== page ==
When George Stephanopoulos interviewed Secretary of State Clinton on This Week today, he couldn’t resist a taunt or two lifted from earlier commentary by some of his sexist colleagues. In the exchange below, Secretary Clinton sets Stephanoupoulos straight (emphases mine):
STEPHANOPOULOS: The president has a very high-powered team: Vice President Biden, General Jones, Secretary Gates. You've got envoys for Iran, Afghanistan, North Korea. How do you fit in?
CLINTON: Well, I...
STEPHANOPOULOS: What is your role, exactly?
CLINTON: Well, my role is as the chief diplomat for the United States of America. And, you know, when I agreed to do this job, I made it very clear to the president that I would be able to run the State Department and USAID and that we would have to forge a team that I think we've done very well, and that I wanted special envoys, because we were inheriting so many hotspot problems that I knew you could never have one person possibly address all of that.
Here’s another attempted put down by Stephanopoulos that Clinton handily blocked:
STEPHANOPOULOS: This week is also the anniversary of -- the 20th anniversary of the massacre at Tiananmen Square, and you put out a very strong statement on that anniversary. Yet when you went to China earlier this year, you basically said the Chinese know what we think about human rights.
And I guess what I'm trying to get at is, how do you approach that issue? When do public statements make a difference? When should diplomacy be conducted privately? And who's your real audience with these statements?
CLINTON: You know, George, it's such a great question. And there is no one easy answer, because I think so much of it depends upon what our objectives are.
We have made very clear, time and time again, our concerns about religious freedom in China, treatment of Tibet, Tibetan culture. So that is -- we're on the record with that. We've had these, you know, very strong statements that we've made historically, going back years.
And so, of course, we want everyone to know that we still feel very strongly about it, but we also would like to see if there is some way we could actually chip away at Chinese resistance to providing some more at least cultural and religious autonomy for Tibetans. So we -- it's a constant weighing process.
You know, I think a lot of times the public statements can turn out to be counterproductive. They can harden positions. Yet at the same time, the public statements can hearten those who are the dissidents.
So trying to keep that in balance so that we don't ever turn our backs on those who are struggling for the very rights that we believe in so strongly and that we think are universal rights, and yet looking for ways that we can actually get results, not just score debating points or, you know, have somebody say, "Good for you. You made a strong statement."
So what we're trying to do -- and I think you hear it from what the president and I have been saying over the last four months -- is to really focus in on where we can make progress.
It’s too bad this next exchange didn’t occur when Clinton’s name was first being seriously mentioned as secretary of state. The heads of Maureen Dowd and Arianna Huffington would have exploded:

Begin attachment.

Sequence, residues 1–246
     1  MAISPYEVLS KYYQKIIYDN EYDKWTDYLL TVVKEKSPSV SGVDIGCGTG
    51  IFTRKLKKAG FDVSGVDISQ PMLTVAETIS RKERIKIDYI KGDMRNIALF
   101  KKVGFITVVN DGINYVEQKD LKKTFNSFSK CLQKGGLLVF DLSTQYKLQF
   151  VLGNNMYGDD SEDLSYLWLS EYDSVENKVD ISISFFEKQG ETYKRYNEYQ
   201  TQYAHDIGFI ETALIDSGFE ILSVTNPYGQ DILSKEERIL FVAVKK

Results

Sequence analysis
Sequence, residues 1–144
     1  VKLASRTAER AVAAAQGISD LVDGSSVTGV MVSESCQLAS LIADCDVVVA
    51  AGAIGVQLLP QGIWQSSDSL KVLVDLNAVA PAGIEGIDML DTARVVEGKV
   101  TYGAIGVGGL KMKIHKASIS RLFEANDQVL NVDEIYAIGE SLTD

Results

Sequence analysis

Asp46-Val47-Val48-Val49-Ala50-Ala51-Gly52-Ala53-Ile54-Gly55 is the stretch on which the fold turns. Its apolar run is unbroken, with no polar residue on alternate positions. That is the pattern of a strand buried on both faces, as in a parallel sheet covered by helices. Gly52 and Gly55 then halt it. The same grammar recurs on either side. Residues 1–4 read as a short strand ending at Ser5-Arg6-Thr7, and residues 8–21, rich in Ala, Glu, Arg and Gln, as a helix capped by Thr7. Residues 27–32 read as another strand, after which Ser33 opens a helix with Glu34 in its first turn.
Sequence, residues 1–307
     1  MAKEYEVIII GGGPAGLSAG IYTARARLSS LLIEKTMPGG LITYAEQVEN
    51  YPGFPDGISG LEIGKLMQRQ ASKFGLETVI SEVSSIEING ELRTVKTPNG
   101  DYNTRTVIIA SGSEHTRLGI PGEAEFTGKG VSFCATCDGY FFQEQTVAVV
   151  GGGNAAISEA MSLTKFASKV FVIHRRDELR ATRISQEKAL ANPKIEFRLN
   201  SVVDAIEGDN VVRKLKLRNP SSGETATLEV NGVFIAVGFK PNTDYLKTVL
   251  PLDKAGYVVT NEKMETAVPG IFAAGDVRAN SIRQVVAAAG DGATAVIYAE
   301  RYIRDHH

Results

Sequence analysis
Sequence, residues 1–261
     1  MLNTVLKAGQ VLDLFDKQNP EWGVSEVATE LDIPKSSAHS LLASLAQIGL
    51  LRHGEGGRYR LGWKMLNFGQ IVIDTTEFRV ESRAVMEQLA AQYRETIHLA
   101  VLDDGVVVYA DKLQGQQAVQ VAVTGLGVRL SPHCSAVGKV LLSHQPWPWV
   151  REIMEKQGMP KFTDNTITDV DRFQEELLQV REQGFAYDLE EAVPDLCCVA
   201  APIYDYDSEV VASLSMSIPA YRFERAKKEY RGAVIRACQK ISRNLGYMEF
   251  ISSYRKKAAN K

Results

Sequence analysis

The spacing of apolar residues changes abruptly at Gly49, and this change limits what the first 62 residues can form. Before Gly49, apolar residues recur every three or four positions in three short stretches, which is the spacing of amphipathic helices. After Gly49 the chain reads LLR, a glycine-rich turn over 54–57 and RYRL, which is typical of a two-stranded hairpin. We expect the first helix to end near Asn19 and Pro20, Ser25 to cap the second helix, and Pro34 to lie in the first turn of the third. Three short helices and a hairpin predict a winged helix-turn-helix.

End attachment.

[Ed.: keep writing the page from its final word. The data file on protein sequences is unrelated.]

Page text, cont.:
STEPHANOPOULOS: You know, it was a bitter campaign. And I'm just wondering: How did President Obama convince you to come on his team?
CLINTON: Well, you know, George, I never had any -- any dream, let alone inkling, that I would end up in President Obama's cabinet. When I left the presidential race, after getting some sleep and taking some deep breaths, I immediately went to work for him in the general election.
I, you know, traveled the country. I worked hard on my supporters. I made the case, which I believed strongly, in making sure that we elected him our president.
And I was looking forward to going back to the Senate and, frankly, going back to my life and representing New York, which I love. And I had no idea that he had a different plan in mind. So when -- when...
STEPHANOPOULOS: Since the primaries.
CLINTON: Well, but I had -- I mean, that was certainly never expected. And after the election, I started seeing little, you know, tidbits in the press. I thought it was absurd. I thought, you know, this is the kind of silly stuff that ends up in the press.
And then, when he called and asked me to come see him and we had our first conversation, I said, "You know, I really don't think I'm the person to do this. I want to go back to my life. I really feel like I owe it to the people of New York." And I gave him a bunch of other names of people who I thought would be great secretaries of state.
But he was quite persistent and very persuasive. And, you know, ultimately, it came down to my feeling that, number one, when your president asks you to do something for your country, you really need a good reason not to do it.
Number two, if I had won and I had asked him to please help me serve our country, I would have hoped he would say yes.
And, finally, I looked around our world and I thought, you know, we are in just so many deep holes that everybody had better grab a shovel and start digging out.
Read the entire transcript here: